In fact, with both the central government and the states becoming increasingly impotent because bankrupt, cooperation among institutions and citizens will be required even if, sadly, most likely forced upon us by circumstances for the fact of our not facing realities sooner.

We need to encourage a variety of experiments or alternatives around the country in areas of health care, for example, or in welfare, in reduction of carbon emissions just to name a few obvious areas. People love choices and de-centralized alternatives will encourage the necessary fermentation to find viable solutions.

Perhaps the role of a central government therefore is (at least in these critical areas where change is badly needed) to set very general goals, directions, and guidelines for sub-entities and individuals to experiment with. Other examples include health and safety in food handling, nutrition and diet, alternative energy, energy conservation, balanced immigration policies, responsible savings habits, legitimate investments, and a balanced long-term housing strategy (vis-a-vis mortgage, tax, and other housing policies).

One subject remains perhaps too big to handle but too big to ignore: military spending and its relationship to our strategic and legitimate global interests. How many "Vietnams" must we so ignorantly initiate before we face the fact that we are not capable or worthy of being the world's self-appointed policeman of justice and democracy?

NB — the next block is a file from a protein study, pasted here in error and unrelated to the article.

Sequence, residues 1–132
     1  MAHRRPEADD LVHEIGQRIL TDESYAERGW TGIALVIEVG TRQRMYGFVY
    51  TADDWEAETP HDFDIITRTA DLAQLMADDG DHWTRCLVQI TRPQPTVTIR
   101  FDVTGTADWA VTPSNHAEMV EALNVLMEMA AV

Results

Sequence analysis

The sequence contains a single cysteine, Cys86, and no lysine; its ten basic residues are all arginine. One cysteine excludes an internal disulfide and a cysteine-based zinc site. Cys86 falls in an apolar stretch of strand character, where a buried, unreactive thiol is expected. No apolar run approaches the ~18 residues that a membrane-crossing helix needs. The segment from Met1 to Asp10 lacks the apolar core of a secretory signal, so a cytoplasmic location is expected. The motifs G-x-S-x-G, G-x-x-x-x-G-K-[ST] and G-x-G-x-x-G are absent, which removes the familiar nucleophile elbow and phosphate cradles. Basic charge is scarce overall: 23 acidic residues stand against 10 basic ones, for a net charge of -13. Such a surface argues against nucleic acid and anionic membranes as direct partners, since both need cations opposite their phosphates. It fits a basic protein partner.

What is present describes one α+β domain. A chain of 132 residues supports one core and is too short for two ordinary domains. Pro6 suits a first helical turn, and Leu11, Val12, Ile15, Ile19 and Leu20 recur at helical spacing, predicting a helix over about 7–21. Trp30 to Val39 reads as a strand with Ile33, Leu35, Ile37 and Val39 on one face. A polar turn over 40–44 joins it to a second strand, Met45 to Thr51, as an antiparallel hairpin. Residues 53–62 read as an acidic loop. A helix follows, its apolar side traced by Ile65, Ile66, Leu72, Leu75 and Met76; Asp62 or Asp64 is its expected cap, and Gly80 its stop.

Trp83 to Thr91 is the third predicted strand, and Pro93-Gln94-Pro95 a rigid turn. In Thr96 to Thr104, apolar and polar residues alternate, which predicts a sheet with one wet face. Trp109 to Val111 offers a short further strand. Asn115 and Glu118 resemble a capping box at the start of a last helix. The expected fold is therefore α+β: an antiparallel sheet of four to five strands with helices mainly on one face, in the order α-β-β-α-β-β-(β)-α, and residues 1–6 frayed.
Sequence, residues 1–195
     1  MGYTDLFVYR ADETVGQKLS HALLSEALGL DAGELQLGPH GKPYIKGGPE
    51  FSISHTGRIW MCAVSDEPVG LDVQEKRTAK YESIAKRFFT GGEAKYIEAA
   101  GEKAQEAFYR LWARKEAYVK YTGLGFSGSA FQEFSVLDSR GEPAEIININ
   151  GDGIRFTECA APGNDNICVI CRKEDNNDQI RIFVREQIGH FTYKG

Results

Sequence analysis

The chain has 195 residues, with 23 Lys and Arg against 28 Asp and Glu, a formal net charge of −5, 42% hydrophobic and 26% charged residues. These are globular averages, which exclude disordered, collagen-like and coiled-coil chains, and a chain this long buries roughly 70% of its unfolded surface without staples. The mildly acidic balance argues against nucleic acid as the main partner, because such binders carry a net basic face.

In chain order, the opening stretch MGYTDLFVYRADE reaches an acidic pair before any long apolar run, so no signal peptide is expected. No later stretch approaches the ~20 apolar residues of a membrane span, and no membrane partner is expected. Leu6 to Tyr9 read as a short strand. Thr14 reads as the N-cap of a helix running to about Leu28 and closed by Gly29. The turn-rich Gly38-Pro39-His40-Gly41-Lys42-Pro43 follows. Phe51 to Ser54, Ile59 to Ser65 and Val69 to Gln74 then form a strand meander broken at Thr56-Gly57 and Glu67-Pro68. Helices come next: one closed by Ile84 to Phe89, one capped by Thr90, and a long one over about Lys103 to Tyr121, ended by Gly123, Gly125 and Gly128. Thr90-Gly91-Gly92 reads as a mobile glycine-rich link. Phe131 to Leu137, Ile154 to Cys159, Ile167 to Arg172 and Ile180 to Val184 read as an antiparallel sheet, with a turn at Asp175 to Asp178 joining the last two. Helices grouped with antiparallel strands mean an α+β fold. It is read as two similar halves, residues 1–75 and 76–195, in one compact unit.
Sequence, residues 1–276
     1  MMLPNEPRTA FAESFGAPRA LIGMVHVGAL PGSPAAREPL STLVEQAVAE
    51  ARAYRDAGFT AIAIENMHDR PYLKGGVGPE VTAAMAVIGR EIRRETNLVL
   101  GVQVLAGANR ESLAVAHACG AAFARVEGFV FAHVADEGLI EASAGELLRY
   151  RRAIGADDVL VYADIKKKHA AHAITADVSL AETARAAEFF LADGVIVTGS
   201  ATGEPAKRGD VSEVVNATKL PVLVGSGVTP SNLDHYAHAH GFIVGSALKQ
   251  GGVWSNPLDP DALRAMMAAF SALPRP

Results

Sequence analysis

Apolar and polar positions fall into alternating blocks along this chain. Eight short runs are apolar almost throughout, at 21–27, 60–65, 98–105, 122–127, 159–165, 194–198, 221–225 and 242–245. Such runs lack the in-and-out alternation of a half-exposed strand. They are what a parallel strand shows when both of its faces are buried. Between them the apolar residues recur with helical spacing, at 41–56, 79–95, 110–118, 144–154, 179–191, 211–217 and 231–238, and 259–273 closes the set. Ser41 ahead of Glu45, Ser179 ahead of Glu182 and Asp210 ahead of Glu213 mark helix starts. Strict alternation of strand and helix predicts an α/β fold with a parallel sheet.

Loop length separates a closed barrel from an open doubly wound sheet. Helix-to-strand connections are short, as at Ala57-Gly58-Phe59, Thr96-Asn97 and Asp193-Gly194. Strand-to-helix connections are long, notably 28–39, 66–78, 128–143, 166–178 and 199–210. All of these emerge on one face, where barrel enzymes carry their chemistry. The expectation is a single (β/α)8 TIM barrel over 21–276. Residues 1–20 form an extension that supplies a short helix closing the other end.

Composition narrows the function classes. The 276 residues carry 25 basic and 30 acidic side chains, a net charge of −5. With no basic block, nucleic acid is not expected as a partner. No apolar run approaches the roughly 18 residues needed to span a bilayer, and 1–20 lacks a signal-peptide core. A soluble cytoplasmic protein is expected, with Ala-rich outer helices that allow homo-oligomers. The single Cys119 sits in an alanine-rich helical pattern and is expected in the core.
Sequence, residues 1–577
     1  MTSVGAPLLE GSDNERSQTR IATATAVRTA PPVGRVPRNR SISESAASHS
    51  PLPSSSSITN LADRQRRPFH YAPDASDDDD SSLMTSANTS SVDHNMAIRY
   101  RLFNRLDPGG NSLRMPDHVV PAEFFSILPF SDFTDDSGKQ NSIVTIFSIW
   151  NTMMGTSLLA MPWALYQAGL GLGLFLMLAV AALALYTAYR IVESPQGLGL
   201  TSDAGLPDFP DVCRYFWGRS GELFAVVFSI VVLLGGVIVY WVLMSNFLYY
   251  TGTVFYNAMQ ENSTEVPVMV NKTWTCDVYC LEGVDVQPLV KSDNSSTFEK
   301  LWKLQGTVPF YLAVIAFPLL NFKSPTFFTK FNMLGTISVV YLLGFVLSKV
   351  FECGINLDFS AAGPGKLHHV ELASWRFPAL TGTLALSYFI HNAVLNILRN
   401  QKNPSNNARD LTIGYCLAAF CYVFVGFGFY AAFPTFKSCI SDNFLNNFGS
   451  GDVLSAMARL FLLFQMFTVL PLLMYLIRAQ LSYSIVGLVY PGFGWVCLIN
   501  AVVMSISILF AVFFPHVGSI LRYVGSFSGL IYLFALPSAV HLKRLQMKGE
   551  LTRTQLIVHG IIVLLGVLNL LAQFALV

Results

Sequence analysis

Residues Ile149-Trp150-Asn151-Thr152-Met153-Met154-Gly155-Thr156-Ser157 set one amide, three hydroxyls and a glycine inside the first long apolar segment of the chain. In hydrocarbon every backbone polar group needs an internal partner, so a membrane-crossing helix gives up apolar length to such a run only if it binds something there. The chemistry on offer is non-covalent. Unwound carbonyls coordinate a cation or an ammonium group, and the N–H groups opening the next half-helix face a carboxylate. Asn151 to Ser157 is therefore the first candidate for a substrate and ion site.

Here, too, and perhaps here especially, we must face the fact that unilateral military action is (generally) inappropriate and unfeasible. Cooperative international action with nations who share our interests and ideals is the only and obvious way to soften the rough edges of national pride, misuse of power, and naked, but ignorant, self-interest.

Military spending alone, if not common sense, past experience, or wisdom, should demolish forever this nation's (out of date) cowboy-cavalry self-image.

One last subject equally large and difficult to address is a moral one. What nation can retain its vitality and creative vigor when dissipation of its natural resources, its financial wealth past zero into debt, or its citizen's morality through self-indulgence, selfishness, or violence becomes the norm?

I believe and endorse the concept of separation of religion from political life. But we have thrown out the baby with the bath water. We don't want nor would our culture tolerate censorship but affirmation, training, and encouragement of universal values of good citizenship, healthy living, and ethics - the development of national virtue, in other words -- should be at the center of what individuals and institutions champion in ways large and small. Funding for wholesome entertainment would be a refreshing change as would public-figure examples of modesty, civility and integrity. Demonstrating and championing the practical benefits of hard work, self-respect, healthy living, education, creativity, and self-iniative would do more than money or legislation to uplift and change for the better our nation and our world.

Blessings to all, Hriman